Cultural Competence for Students

Outdoor Education Teaching Assistant Mr Jake Terhell has created a Numeracy in Navigation lesson and included Tasmanian Aboriginal Perspectives by applying this learning to real life scenarios.

Working in pairs, several Grade 8 and Grade 9 students used a measuring device called a click wheel to determine a 50m length, the number of steps and how long it took to walk this distance. Back in the classroom they used topographical maps of kunanyi Mt Wellington and a ruler to determine how far the distance is between the Springs and Junction Cabin and used their recorded data to measure how long it would take them to walk this distance, include a lunch stop and return to the Springs.

The lesson was then developed further by considering why people might walk from one place to another. A scenario was created whereby the students had to imagine they were members of the leenowwenne people of the Big River Nation, living around the area we know as Dysart and travelling to visit the muwininna people of the South East Nation, at the place we call Austins Ferry. The students had to imagine themselves tens of thousands of years ago, leading their families on a journey to find food and to trade and celebrate with other groups. They had to use maps and their recorded measurements to predict how long it would take them to walk that far, when to leave and at what time they would arrive.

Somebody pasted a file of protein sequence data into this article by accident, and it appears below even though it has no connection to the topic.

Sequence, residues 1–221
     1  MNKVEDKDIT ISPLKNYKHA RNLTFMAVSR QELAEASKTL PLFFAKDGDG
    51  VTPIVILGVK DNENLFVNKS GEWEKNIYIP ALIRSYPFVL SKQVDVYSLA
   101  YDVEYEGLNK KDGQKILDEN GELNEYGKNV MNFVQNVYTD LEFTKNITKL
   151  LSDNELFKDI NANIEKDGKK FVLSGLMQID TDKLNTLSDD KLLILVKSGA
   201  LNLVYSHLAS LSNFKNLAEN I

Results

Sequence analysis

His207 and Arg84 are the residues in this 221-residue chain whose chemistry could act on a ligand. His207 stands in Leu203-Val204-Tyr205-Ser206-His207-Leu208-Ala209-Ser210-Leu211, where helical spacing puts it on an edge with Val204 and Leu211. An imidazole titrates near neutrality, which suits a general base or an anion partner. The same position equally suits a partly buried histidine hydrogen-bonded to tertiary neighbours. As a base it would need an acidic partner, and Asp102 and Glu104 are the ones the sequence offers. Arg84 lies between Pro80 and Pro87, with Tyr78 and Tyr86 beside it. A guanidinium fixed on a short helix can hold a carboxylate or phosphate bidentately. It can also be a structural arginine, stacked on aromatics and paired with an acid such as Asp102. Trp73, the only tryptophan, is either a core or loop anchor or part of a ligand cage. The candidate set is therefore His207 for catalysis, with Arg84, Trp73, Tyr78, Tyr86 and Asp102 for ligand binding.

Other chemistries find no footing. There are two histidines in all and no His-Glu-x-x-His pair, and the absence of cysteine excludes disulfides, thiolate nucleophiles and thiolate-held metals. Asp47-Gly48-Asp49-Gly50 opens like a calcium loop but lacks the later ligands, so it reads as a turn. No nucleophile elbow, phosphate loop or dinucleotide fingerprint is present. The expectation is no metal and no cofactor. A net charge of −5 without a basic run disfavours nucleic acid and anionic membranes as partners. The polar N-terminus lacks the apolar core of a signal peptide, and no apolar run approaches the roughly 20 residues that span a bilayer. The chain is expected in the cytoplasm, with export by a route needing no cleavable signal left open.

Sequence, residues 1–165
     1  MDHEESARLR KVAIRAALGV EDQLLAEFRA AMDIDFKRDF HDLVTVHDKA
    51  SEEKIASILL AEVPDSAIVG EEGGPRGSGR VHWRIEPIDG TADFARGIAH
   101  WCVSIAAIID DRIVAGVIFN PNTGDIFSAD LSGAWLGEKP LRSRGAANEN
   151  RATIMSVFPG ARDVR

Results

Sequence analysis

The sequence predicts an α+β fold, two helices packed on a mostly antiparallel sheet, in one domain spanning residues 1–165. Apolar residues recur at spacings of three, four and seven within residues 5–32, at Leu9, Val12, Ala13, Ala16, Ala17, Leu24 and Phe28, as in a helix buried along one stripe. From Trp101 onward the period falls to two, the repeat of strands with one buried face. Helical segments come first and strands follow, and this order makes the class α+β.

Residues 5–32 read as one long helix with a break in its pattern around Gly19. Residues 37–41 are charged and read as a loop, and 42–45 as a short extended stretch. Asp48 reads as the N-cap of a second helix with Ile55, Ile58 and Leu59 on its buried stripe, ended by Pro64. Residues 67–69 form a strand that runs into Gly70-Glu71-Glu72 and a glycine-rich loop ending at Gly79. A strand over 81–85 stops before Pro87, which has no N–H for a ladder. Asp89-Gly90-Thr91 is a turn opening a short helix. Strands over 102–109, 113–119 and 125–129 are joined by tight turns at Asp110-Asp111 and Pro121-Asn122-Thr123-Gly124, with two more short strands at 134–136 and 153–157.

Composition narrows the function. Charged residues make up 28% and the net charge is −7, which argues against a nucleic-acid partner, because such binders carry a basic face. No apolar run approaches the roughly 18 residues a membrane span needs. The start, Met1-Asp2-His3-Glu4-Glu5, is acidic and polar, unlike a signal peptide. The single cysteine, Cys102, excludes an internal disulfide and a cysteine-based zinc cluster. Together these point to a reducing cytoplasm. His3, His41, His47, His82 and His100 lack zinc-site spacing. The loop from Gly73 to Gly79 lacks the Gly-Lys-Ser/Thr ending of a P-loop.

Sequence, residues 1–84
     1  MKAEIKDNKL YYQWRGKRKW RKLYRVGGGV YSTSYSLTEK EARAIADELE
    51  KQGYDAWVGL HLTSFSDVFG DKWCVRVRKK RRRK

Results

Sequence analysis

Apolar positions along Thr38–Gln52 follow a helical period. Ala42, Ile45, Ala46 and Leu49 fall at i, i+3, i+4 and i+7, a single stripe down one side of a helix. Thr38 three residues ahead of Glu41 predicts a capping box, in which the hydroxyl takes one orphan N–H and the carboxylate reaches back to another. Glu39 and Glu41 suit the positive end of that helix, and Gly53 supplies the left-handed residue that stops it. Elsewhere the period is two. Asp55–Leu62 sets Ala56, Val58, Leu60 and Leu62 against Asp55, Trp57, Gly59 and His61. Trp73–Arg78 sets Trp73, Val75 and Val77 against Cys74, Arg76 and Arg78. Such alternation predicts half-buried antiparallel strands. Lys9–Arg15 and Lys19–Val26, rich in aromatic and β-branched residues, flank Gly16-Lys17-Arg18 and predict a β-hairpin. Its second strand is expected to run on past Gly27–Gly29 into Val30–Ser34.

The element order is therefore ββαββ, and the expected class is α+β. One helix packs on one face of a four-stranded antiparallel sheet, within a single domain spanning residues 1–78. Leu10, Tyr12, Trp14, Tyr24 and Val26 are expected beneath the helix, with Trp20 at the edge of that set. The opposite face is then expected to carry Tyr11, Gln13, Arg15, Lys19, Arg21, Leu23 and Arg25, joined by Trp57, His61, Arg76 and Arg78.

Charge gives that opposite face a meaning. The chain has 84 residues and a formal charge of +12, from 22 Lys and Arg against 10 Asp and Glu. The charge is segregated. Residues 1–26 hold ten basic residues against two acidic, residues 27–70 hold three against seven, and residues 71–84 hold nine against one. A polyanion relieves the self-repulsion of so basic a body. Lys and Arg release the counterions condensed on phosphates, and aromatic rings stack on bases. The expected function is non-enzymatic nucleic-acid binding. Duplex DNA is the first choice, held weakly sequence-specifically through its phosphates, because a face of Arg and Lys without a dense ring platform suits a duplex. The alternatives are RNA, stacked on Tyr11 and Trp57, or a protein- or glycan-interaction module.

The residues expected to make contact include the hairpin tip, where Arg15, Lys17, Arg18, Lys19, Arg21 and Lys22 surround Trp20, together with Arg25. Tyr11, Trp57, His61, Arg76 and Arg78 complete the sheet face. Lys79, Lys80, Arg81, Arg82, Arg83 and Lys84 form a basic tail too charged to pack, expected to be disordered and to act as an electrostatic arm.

A new scenario was then introduced, to travel across the river on bark canoes, similar to today’s stand up paddle boards, and visit the moomairremener people of the Oyster Bay Nation, at the place we call Risdon Cove. Their measurements had to be adjusted again to include land and water travel and the return journey.

The lesson also enabled discussion on how Tasmanian Aboriginal peoples would tell the time through reading the sun’s movements and navigate by reading and understanding the landscape they were travelling through and yet today we rely on maps and compasses as well as our watches or phones to tell the time or find our way. We also discussed the respectful manner in which Tasmanian Aboriginal people would arrive in other peoples’ Country and how we can be respectful too by always Acknowledging the original custodians of the Country we live and work upon.